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March 27, 2024

Bar Harbor’s 2 scientific research labs approved for $9.6M in federal money

person in lab Courtesy / The Jackson Laboratory The Jackson Laboratory was approved for $8 million toward construction of a facility dedicated to rare disease research and therapy development.

Congress this week approved a total of $9.6 million in funding for two prominent scientific institutions headquartered in Bar Harbor — the Jackson Laboratory and MDI Biological Laboratory.

The money was included in the FY24 Labor, Health and Human Services and Education Appropriations Bill, which goes soon to the president for his signature.

Jackson Lab

At Jackson Lab, $8 million will go toward construction of a modern, two-floor facility dedicated to research of rare diseases and the development of new therapies to treat them.

The Orphan Drug Act of 1983 defines a rare disease as one that affects fewer than 200,000 people in the U.S., according to the lab. Yet all the various rare diseases have a significant combined impact, affecting 1 in 10 Americans and more than 350 million people worldwide. 

For example, in collaboration with Ohio’s Nationwide Children’s Hospital, JAX is testing a gene therapy for PGAP3-congenital disorder of glycosylation, a rare disease that affects just 65 people worldwide, the majority of them children. Patients typically present with developmental delays, intellectual disabilities, weak muscle tone, seizures and spasms.

“The establishment of the Jackson Laboratory’s Rare Disease Translational Center will help provide these patients with an efficient path from diagnosis to therapy and enable them to lead fuller, healthier lives than was previously possible,” said Lon Cardon, the lab’s president and CEO.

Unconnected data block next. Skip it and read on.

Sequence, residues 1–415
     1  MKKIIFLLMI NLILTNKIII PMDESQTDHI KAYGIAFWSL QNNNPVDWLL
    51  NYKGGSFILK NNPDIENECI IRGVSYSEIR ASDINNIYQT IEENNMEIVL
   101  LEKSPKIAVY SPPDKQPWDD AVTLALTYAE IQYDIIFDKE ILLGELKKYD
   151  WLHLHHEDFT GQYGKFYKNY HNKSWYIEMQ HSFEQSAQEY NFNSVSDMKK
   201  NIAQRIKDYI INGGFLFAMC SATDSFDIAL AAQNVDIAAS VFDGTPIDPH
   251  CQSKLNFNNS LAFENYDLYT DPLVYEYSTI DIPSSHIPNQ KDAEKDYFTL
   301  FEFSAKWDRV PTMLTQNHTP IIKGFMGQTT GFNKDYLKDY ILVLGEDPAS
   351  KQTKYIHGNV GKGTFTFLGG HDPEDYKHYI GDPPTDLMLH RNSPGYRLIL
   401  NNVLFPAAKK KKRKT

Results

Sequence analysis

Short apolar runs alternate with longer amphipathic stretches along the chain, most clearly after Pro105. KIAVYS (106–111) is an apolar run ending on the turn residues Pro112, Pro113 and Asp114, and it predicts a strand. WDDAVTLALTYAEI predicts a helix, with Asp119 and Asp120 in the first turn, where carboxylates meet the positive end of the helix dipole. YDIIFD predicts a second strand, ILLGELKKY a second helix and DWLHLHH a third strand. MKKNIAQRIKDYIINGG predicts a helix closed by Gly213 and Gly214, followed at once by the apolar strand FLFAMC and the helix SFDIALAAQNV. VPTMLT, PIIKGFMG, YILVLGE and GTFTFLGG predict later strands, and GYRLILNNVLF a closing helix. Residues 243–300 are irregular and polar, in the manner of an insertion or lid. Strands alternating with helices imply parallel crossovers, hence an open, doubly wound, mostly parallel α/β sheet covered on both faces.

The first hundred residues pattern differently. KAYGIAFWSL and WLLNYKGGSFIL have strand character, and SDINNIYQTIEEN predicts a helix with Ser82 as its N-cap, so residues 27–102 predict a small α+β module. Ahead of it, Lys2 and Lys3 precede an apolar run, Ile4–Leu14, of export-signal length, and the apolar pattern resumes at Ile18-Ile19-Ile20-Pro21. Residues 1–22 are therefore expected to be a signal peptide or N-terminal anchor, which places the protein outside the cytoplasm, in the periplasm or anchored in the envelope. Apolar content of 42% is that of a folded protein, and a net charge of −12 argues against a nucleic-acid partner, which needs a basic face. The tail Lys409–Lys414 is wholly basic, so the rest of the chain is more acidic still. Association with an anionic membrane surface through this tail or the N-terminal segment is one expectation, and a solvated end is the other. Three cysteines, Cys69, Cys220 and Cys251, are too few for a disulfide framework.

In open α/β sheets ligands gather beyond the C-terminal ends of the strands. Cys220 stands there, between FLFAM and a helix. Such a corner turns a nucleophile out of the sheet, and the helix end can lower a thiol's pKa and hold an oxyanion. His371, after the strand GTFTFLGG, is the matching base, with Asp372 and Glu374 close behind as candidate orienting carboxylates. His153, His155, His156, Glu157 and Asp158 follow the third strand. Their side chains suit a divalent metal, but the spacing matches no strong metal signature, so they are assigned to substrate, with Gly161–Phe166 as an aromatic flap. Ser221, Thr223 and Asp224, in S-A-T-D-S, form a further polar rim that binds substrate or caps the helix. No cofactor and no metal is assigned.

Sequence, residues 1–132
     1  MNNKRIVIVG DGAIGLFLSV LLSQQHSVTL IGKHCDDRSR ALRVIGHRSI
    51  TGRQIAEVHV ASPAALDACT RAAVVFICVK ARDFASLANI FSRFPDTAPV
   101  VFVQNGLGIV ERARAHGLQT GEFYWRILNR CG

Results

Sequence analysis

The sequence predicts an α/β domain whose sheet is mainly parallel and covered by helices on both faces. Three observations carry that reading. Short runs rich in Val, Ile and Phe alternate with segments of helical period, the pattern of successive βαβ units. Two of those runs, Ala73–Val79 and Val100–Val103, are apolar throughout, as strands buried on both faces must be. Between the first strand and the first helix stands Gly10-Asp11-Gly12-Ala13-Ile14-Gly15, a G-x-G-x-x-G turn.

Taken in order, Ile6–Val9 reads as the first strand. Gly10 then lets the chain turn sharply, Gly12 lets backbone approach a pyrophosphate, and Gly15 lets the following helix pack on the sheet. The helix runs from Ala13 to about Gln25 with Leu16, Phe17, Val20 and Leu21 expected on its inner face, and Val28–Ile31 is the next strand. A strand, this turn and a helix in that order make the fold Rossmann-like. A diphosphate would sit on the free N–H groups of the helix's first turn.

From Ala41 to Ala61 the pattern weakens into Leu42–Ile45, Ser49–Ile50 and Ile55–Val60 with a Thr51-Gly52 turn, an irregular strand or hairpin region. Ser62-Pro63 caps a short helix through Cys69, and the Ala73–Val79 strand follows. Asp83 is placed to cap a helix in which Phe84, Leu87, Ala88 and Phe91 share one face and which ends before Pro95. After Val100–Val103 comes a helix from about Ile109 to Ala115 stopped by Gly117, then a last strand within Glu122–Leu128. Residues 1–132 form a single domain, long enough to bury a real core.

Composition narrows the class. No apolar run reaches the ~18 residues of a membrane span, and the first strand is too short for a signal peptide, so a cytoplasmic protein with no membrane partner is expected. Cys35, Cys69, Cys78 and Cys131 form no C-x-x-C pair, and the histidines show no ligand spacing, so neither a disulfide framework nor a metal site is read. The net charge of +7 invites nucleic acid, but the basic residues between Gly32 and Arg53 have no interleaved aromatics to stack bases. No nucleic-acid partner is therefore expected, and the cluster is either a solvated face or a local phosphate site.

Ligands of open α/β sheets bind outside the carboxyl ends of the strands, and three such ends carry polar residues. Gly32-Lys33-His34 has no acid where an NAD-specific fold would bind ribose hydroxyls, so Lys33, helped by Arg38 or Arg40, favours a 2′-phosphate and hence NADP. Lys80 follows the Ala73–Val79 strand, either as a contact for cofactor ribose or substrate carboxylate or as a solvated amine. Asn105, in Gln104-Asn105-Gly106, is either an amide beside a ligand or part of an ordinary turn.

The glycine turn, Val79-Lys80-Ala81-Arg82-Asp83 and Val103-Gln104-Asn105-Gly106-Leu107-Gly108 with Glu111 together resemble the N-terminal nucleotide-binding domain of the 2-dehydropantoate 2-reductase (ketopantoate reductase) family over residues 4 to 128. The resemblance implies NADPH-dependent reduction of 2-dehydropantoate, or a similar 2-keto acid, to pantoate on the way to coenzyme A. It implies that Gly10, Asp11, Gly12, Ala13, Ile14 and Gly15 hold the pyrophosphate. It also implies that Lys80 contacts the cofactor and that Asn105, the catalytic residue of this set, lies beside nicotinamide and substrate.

MDI Bio Lab

MDI Biological Laboratory was approved for $1.6 million to improve and expand its research capabilities.

The 125-year-old, nonprofit lab is studying new approaches in regenerative medicine. According to the lab, it is identifying mechanisms that allow damaged tissues, organs and limbs to repair and regrow. Studying organisms in nature that regenerate naturally, such as zebrafish and salamanders, can help scientists understand the phenomenon and develop strategies to enhance human ability to repair or regenerate damaged tissues and slow degenerative changes that occur.

aerial of buildings
Courtesy / Mount Desert Island Biological Laboratory
MDI Biological Laboratory was approved for $1.6 million to improve and expand its research capabilities.

“These advanced biotechnologies hold game-changing potential for identifying beneficial medicines and weeding out those with unwanted side-effects, early in the drug development pipeline,” said Hermann Haller, the lab’s president. “That will avert late-stage failures that drive up the cost of pharmaceuticals for everyone.”

This project will support the lab’s efforts to construct an additional space and purchase related lab equipment to expand capacity for the development of emerging drug discovery technologies.

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